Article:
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SIGNAL(2)                  Linux Programmer's Manual                 SIGNAL(2)

       signal - ANSI C signal handling

       #include <signal.h>

       typedef void (*sighandler_t)(int);

       sighandler_t signal(int signum, sighandler_t handler);

       The  behavior of signal() varies across Unix versions, and has also varied histori-
       cally across different versions of Linux.  Avoid its use: use sigaction(2) instead.
       See Portability below.

       signal()  sets  the  disposition  of  the signal signum to handler, which is either
       SIG_IGN, SIG_DFL, or the address of a programmer-defined function (a  "signal  han-

       If  the  signal  signum is delivered to the process, then one of the following hap-

       *  If the disposition is set to SIG_IGN, then the signal is ignored.

       *  If the disposition is set to SIG_DFL, then the default  action  associated  with
          the signal (see signal(7)) occurs.

       *  If  the  disposition  is set to a function, then first either the disposition is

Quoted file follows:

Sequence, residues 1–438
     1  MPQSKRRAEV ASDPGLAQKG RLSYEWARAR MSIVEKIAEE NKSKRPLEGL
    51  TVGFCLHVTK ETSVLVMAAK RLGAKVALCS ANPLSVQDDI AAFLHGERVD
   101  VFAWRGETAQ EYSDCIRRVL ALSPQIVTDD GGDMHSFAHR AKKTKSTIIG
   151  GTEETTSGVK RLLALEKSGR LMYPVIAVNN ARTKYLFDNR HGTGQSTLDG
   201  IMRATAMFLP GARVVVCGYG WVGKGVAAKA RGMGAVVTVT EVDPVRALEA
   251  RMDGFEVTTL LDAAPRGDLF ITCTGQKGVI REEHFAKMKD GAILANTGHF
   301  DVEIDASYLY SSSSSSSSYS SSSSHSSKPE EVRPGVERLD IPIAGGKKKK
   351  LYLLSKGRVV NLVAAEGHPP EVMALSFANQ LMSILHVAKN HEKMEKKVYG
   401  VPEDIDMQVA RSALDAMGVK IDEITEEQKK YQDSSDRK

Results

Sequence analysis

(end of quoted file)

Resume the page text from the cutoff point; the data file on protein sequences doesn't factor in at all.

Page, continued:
reset to SIG_DFL, or the signal is blocked (see  Portability  below),  and  then
          handler is called with argument signum.  If invocation of the handler caused the
          signal to be blocked, then the signal is unblocked upon return from the handler.

       The signals SIGKILL and SIGSTOP cannot be caught or ignored.

       signal() returns the previous value of the signal handler, or SIG_ERR on error.

       EINVAL signum is invalid.

       C89, C99, POSIX.1-2001.

       The effects of signal() in a multithreaded process are unspecified.

       According  to  POSIX,  the  behavior  of  a process is undefined after it ignores a
       SIGFPE, SIGILL, or SIGSEGV signal that was not generated by  kill(2)  or  raise(3).
       Integer  division by zero has undefined result.  On some architectures it will gen-
       erate a SIGFPE signal.  (Also dividing the most negative integer by -1 may generate